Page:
Dragging that debt around has worn you out, and you need to do something – fast. You’ve been mulling debt forgiveness but you’re unsure what all the strategy entails. Well, you’re in luck: here’s the truth about debt forgiveness.
What Is Debt Forgiveness?
On a basic level, debt forgiveness is when a lender forgives a portion or all of what you owe. Let’s examine some of your debt forgiveness options.
Student Loan Debt
Loan forgiveness or cancellation here hinges upon your earnings, your line of work, and how much you owe. For some programs, you need to be in certain fields such as public service or education. Other programs are for specific situations including bankruptcy.
If you have a federal student loan, you could get relief through a direct consolidation loan, which rolls multiple loans into one, streamlines repayment, and usually gives you better rates and terms.
Also, the Education Department has repayment options that are based on your income, how much you’re deemed able to pay, and your family size. Note, though, that potentially lower payments and longer repayment periods may mean that you’ll fork over more in interest over the long haul.
Credit Card Debt
Such forgiveness is when your credit card issuer pares the amount you owe, usually because you’ve ceased making payments and, well, something is better than nothing.
You may wonder how credit card debt relief works. One approach is a debt settlement agreement in which you negotiate with your card issuer on an amount you can pay, and the balance is forgiven. While you can handle this by yourself, it’s best to hire an experienced company such as Freedom Debt Relief to represent you.
You can also try a balance transfer, which involves shifting your credit card balance to another card, but one with an introductory lower interest rate – ideally zero percent. You must pay a fee, though, and you should first determine whether you can pay off your debts before the promotional period – usually about a year – is over, and rates shoot back up.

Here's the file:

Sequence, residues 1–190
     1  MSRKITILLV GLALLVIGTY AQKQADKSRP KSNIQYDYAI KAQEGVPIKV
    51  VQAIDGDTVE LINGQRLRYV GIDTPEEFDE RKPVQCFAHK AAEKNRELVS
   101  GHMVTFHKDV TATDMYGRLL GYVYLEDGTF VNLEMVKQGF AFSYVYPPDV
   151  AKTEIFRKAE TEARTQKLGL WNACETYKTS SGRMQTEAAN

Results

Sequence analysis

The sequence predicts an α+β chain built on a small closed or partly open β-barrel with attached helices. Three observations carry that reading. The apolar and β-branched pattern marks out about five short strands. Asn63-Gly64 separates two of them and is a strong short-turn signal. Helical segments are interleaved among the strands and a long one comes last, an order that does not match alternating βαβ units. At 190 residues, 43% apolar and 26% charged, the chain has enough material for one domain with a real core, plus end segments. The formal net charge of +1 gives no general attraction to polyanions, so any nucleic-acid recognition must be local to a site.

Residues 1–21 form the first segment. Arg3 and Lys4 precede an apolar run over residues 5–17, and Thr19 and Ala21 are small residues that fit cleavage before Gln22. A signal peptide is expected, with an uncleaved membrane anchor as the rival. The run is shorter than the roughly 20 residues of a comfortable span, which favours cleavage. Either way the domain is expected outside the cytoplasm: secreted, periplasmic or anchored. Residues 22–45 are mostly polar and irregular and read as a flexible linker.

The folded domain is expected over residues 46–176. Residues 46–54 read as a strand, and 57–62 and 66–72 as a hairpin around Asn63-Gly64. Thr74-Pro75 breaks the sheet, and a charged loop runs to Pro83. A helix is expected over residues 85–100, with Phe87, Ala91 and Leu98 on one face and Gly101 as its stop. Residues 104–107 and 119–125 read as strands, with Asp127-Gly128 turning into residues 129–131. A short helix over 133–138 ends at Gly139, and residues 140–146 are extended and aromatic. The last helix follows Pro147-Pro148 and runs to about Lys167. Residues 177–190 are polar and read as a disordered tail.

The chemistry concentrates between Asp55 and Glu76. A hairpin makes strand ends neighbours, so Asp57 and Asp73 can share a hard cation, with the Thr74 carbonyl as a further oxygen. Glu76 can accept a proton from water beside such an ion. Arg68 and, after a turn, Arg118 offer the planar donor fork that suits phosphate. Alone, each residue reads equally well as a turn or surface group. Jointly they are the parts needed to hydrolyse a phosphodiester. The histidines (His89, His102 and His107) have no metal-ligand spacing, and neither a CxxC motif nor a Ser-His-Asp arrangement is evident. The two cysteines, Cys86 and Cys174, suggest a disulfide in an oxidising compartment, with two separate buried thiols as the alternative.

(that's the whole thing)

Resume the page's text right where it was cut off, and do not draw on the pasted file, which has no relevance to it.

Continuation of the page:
Debt consolidation is also an option with credit cards. While this strategy won’t necessarily forgive your balance, it can stop gratuitous interest from piling up while you clear what you owe. You can consolidate your debt through a personal or home equity loan.
You may not be able to get a personal loan that can save you money if your credit is bad, however. A home equity loan is like a personal loan, but your property will be used as collateral. While you’ll likely get a favorable interest rate, your house is on the line should you default.
You can also consider bankruptcy, a process through which some or all your credit card debt could be legally discharged. You still may be required to give up some assets or repay your obligations over time, depending on what kind of bankruptcy is employed. This is a last resort strategy since the filing will stay on your record for a decade and your credit score will suffer.
In Chapter 7. Under this process, the court will discharge your credit card debts. However, a portion of your property will be sold, with the proceeds going to your creditors.
In Chapter 13. Here, your obligations aren’t discharged right away. Instead, you’ll have a three- to five-year payment plan. The court also has the option to lower the total amount you must pay.
Now you know the truth about debt forgiveness. Your main takeaway should be that, if you’re up to your ears in debt, you shouldn’t put off planning. The sooner you put together a plan of action, the sooner you’ll be on the road to a debt-free future.